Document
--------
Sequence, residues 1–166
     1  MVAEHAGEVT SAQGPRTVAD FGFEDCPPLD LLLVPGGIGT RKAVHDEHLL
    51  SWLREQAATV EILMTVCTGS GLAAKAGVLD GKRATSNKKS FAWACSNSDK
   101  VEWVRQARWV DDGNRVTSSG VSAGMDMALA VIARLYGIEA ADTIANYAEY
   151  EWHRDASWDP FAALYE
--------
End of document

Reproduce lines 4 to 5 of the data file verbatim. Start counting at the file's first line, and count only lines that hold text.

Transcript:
   101  VEWVRQARWV DDGNRVTSSG VSAGMDMALA VIARLYGIEA ADTIANYAEY
   151  EWHRDASWDP FAALYE